Navigating the Seattle Startup Ecosystem
Entrepreneurs create their own ecosystem in any city. There are both a good side and a bad side to the ecosystem, individuals, organizations and institutions. If your startup is going to be a success, you need to start networking and you need to do it earlier rather than later. Let’s start with the good side!
Service providers – service providers include the types of services that every startup needs to be successful. I’ve broken this list into the now and later category. They include:
- Legal and Law Firms – there are some great firms and individual lawyers in town.
- Bookkeeping – set it up right the first time. Yes, you’re likely smart enough to do QuickBooks, but is it a good use of time.
- Banks – after you’re incorporated, you need to have a business account
- Media/News – GeekWire has done a great job of supporting the ecosystem in Seattle – and they were a startup themselves only a year ago… And they put on great events!
- SeattleTechCalendar – was created by Roy Leban to list all of the StartUp Events in Seattle… a great resource if you’re starting out.
- Commercial Real Estate
- PR Firms
- Recruiting firms
These are the type of firms that sponsor events, buy you free drinks and underwrite different activities. THANKS TO THE SPONSORS! The value of the service provider really depends on where you are at in the maturity of your Startup. You won’t need a Commercial Real estate agent when you’re starting… but if you grow you will. You will meet them at the events – that’s because they are paying for that beer your drinking!
They of course want to meet you early in the process. They are looking for customers too and they have figured out sponsorship and advertising is the way to do it.
Individuals – there are a lot of people in the ecosystem as well as the entrepreneurs.
- Wannapreneurs, people who like hang with Entrepreneurs – they like the energy, they like the events, they like the occasional free drink. You’ll see them repeatedly at events and they generally come in three forms
- They are in stealth mode – because their idea is too good to share with you or anyone
- They had the same idea for Social Networking – before Facebook of course – but never took any action on it…
- They are still working on the same idea they pitched at Startup weekend two years ago – but have a failure to launch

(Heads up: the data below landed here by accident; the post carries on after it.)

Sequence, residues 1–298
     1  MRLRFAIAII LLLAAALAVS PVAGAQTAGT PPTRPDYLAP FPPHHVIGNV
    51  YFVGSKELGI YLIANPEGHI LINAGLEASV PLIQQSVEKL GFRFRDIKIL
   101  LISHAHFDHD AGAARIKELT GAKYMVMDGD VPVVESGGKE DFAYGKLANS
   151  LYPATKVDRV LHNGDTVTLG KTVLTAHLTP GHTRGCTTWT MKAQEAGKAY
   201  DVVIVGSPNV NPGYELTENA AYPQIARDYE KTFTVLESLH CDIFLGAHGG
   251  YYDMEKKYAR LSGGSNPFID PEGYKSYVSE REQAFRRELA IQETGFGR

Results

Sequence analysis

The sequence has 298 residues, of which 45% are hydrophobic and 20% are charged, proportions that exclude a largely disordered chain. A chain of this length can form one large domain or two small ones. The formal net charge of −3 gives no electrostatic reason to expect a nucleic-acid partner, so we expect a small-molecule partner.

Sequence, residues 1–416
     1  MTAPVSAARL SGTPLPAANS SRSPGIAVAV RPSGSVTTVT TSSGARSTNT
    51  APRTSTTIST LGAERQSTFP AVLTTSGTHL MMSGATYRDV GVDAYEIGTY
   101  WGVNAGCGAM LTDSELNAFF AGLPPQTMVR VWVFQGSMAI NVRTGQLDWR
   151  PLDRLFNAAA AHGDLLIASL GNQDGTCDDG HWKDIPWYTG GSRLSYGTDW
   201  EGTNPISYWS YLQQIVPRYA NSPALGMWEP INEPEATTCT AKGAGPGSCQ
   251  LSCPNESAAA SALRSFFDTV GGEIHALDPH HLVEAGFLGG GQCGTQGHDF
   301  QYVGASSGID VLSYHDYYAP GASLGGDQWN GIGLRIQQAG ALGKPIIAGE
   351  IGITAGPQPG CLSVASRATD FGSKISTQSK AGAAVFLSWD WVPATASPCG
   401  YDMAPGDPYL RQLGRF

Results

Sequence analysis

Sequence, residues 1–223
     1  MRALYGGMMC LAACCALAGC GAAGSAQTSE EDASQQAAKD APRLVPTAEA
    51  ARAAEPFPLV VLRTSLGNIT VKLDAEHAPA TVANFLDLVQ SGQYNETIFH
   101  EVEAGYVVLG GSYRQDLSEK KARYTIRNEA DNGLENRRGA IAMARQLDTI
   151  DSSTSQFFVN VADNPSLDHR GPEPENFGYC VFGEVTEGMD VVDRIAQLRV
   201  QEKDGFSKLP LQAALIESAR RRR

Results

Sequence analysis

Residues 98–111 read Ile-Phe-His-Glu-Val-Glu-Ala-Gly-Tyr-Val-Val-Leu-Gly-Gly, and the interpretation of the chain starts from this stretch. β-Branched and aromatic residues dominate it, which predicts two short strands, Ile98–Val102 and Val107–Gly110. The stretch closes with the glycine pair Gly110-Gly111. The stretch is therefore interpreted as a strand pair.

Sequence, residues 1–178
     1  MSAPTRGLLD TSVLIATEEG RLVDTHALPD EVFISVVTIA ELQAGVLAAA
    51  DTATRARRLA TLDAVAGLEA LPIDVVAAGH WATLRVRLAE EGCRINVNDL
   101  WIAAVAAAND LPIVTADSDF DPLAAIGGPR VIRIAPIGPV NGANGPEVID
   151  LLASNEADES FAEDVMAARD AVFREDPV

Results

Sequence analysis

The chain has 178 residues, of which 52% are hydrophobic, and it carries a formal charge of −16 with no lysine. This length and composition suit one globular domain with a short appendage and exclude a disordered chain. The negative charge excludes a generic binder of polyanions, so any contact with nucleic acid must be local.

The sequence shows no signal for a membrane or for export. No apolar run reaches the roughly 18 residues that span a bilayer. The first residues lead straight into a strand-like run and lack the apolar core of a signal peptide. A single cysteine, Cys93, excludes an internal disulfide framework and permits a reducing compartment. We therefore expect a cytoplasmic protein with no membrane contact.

- Early stage employees – they’ve worked for a startup before. They are used to the long hours, the uncertainty, the risk. They don’t think of themselves as the idea gal or guy, but it’s in their blood and they can’t imagine going back to work at the borg!
- Borg Refugees – these are the people who currently work at a big company and have watched their friends or co-workers exit. The are testing the water, attending events and checking out the startup world.
Organizations & Institutions –
- Incubators – usually is a location and sometimes a form of capital (or the hope of capital). Chris DeVore wrote a great article on the differences here as well.
- Accelerators – TechStars and FounderInstitute are two examples in Seattle that target slightly different groups. Over 650 teams applied for TechStars Seattle last year – they accepted 10. When your accepted you jump into a full time program. FI targets the pre-TechStars group – before you leave your job at the Borg, make sure you’ve validated your idea.
- Groups/Associations – Northwest Entrepreneur Network or NWEN as well as The Indus Entrepreneur or TiE Seattle. Startup Weekend had its start in Seattle and is now a worldwide force… There are also Meetups and Seattle Lean Startup.
- Angel Groups – both free to pitch and pay to pitch model exist in Seattle. They both serve a role in that they invest in earlier stage companies than traditional VC’s. There is a great GeekWire post of the entire list and the costs.
- Universities – are now providing entrepreneurship programs and business plan competitions
What’s the bad side of the ecosystem? One of our mentors recently at Founder Institute called them the startup leeches… they come to the events, but never sponsor the events. They are looking to sell you a service that you likely don’t need (yet, at least). The other type wants to help you raise money for your startup for a fee – though they aren’t investment bankers… but more on this group later.